Daniel M. Vollmer and Thomas H. Shellhammer.
Department of Food Science and Technology, Oregon State University,
Corvallis, OR 97331, U.S.A.
Dry hopping is a technique widely practiced by brewers to add hop
aroma to beer. The technique can also be used on a small scale to
evaluate the aroma potential of hops in beer. This format has practical
uses for hop breeders, brewers, and hop suppliers. Our investigations of
small-scale dry hopping have identified a significant amount of
variability in the aroma intensity and profile of dry-hopped beers as
measured by sensory analysis. A systematic approach at reducing the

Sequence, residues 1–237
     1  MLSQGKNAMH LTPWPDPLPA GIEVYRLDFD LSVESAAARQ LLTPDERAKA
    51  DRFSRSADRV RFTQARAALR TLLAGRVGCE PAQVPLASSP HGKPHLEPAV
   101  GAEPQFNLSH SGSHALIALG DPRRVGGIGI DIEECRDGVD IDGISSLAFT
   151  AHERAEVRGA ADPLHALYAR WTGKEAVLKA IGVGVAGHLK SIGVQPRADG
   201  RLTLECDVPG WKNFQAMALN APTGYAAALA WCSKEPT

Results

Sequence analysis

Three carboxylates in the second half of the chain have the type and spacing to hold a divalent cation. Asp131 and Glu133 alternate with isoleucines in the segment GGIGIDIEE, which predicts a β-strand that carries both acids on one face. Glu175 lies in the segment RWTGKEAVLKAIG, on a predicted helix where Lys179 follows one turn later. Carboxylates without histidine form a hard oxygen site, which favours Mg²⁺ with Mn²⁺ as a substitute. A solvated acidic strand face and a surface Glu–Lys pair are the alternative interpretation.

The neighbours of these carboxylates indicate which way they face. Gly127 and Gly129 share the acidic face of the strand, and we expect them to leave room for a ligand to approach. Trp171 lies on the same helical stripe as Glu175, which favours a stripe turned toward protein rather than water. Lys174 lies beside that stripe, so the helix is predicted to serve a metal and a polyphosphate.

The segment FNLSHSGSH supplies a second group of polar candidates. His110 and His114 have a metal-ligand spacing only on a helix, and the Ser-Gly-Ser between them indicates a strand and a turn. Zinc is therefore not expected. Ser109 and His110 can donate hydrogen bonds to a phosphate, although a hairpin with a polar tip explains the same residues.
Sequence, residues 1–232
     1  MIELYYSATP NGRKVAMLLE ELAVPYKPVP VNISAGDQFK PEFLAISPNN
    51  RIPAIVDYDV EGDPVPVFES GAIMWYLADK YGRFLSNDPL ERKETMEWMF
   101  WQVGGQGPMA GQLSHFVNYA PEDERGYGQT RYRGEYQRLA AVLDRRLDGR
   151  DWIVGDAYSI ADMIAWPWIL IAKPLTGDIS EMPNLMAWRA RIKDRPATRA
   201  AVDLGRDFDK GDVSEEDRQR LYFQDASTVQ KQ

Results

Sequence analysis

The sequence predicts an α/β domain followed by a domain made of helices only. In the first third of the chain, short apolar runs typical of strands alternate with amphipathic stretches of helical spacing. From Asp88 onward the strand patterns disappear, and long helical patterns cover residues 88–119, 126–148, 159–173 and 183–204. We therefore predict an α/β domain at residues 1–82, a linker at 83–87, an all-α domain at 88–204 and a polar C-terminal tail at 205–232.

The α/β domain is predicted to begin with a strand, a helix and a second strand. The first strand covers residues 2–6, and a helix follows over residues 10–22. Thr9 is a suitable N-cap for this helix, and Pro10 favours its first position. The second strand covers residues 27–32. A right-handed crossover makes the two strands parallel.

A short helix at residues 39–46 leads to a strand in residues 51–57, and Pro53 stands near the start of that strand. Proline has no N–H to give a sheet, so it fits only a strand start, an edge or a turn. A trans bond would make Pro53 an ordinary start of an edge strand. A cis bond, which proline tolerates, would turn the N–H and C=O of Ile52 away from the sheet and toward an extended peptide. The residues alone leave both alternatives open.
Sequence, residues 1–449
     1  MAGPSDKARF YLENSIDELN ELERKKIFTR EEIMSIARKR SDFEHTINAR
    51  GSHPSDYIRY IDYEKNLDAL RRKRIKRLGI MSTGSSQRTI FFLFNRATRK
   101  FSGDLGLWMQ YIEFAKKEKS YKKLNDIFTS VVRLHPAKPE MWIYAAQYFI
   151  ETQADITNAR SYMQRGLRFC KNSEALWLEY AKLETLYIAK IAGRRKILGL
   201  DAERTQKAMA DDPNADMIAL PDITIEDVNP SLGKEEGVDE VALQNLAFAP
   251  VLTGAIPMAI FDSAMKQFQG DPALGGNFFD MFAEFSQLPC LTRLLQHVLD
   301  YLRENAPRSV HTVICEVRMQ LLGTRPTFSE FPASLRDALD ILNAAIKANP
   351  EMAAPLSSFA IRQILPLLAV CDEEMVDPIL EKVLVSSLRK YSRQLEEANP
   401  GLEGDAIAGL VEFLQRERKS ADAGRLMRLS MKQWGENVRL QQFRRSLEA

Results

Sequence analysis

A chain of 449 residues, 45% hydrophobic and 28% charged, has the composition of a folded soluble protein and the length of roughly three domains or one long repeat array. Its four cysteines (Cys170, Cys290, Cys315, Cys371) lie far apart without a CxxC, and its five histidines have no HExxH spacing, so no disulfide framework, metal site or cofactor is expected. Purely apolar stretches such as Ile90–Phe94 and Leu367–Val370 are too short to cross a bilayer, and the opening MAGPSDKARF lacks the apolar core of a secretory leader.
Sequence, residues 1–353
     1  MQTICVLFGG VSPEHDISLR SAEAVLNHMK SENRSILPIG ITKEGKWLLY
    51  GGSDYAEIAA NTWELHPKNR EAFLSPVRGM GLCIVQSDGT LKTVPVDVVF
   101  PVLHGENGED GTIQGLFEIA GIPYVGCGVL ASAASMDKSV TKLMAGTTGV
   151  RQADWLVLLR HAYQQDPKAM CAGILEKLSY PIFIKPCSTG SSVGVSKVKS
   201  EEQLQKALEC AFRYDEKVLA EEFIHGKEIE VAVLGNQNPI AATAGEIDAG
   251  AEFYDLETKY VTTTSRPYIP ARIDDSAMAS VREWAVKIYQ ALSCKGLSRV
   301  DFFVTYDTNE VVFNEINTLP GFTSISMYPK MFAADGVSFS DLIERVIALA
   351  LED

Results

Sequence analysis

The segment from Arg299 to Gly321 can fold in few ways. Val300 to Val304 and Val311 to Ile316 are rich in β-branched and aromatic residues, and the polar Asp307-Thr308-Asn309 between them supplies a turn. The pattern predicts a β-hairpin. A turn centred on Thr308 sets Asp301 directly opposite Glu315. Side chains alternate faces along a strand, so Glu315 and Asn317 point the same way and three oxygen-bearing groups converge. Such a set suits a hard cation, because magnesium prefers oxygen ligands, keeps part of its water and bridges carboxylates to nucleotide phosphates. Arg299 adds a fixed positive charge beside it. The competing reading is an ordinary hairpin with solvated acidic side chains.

variability in a pilot-scale dry-hopping process was successful in
reducing this variability. This method entailed improved whole-cone hop
sampling techniques, increasing the volume of beer that was dry hopped,
and blending two single dry-hop events during filtration for a single
treatment. In addition to these process changes, oxygen control acted as
an appropriate quality assurance strategy and appeared to contribute to
the reduced variability in the aroma intensity of dry-hopped beer
prepared on a pilot scale. The outputs of this work suggest that
small-scale dry-hop evaluations are prone to variability and that simple
modifications to account for variation in hops and beer handling can
reduce this variability for the purposes of pilot-scale evaluations.
Keywords: Blending, Dissolved oxygen, Dry hopping, Pilot